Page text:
Monday at The Moorfield, Kid?

Monday at The Moorfield, Kid ??

Every Thursday at Bondgate Mr. Jack Tapscott would publish the following week’s work for the two garages at Otley and Ilkley including, as far as was possible in advance, any rest day working and overtime. Jack’s typing may admittedly have left a lot to be desired, but the accuracy of the weekly A4 page was faultless and ensured that the service ran with the 100% reliability for which the famous blue Samuel Ledgard buses were rightly appreciated and are remembered and sadly missed to this day. One Thursday while I was at the counter the famous inner sanctum door flew open and Jack emerged with the enquiry “Will you work your rest day on Monday at The Moorfield, Kid ??” Being of Midlands origin he often used that endearing expression “Kid” as long as you were in the good books. I was really happy at the prospect of conducting on fresh routes, and on different and rare buses, so I agreed at once – I might just have thought twice about it if long range weather forecasts had been around in those days !!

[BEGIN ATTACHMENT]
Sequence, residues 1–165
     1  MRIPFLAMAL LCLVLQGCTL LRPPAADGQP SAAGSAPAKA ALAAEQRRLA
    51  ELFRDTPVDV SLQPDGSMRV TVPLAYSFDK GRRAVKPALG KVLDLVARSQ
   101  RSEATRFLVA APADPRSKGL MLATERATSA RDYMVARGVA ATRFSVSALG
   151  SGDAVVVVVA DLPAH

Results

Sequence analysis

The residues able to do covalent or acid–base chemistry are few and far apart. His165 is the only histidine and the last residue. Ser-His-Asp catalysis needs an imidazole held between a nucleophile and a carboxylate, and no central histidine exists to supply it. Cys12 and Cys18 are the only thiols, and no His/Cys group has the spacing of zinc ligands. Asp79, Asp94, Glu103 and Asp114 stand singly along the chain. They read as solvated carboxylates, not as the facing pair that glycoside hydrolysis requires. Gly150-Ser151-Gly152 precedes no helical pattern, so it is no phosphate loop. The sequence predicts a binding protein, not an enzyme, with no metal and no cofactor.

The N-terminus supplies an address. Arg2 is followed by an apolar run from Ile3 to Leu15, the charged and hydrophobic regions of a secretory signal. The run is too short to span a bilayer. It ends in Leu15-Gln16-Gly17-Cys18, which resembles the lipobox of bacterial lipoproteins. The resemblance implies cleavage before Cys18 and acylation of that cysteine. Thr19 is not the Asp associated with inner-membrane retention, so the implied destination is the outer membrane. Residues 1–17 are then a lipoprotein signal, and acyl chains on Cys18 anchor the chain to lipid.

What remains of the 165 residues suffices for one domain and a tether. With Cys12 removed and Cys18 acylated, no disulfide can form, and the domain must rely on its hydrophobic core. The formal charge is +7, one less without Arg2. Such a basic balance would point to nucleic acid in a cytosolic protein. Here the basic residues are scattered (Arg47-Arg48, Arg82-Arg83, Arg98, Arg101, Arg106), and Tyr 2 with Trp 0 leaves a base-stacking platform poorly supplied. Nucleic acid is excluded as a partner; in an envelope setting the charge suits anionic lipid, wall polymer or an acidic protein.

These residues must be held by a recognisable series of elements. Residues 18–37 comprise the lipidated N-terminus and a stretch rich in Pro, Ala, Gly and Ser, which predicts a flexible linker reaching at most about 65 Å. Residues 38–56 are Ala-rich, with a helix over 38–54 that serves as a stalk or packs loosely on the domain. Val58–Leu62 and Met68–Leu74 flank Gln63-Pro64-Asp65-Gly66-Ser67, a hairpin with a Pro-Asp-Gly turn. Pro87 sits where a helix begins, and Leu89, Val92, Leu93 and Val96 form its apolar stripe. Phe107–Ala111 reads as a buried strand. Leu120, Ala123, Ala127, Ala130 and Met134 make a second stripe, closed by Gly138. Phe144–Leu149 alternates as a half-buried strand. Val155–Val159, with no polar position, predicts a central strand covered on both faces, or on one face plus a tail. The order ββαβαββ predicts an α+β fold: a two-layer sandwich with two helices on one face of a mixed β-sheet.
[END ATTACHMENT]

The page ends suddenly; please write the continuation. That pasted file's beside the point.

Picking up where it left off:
The excitedly awaited Monday dawned, and I got out of bed in Ilkley at 4.30am all eager to catch the 5.55am Leeds bus (private to Burley for ordinary passengers) to Green Lane at Yeadon from where I would walk up to “The Moorfield” Ledgard's Yeadon Depot. It was snowing heavily and was already laying thick upon the ground but I made it to the Depot in good time, as I had planned to do, for the split turn I was to work. There was an unusual shortage of available vehicles that day, and Otley Depot had been asked to lend one – I was a bit disappointed to hear of this, until it arrived !! I couldn’t believe my eyes as Foden coach MUA 864 rolled in – my wonderful comical driver George Candler of Rodley certainly couldn’t believe his, and looked furtively around in vain for an escape route. The Fodens were never easy to drive even for familiar men on long distance work, and a peak period trip on The Moorfield in a blizzard was the worst ordeal poor George had ever faced I’m sure. With much gear grinding and clutch slipping we slithered our way “private” to Horsforth terminus to duplicate the “West Chevin” service bus all the way to Otley. My request through the cab window for the wireless to be turned on for some nice light music was greeted with a reply in language not at all befitting George’s affectionate nickname of “The Reverend Candler.” While we ground, crunched and swore our way on a very busy journey indeed I did my best to conduct this fine vehicle, which I have to say was singularly unsuitable for service work even in an emergency. I had to negotiate the wide and comfortable seats and the very narrow gangway while trying to issue tickets in the soft glow from the coach lighting, and at the same time get to the front at every stop to open the sliding door. Also the bell pushes were those tiny little diamond shaped coach fittings, embossed with “PUSH”, and if I remember rightly they were beneath the luggage racks at the top of the windows. As we returned the Foden to the depot after duplicating the service bus from Otley to Yeadon Fountain (NOT on its tiny little coach destination blind of course) the snow was still falling relentlessly and the roads were getting nasty – and the long day (due to finish around 7.00pm) was still young as they say. Due to the foul weather, and the Foden’s indignance at having to carry lowly workpeople who paid on board, we were late into the garage and our first meal break had shrunk to a rapid cup of tea and, I hate to admit it now, a cigarette apiece.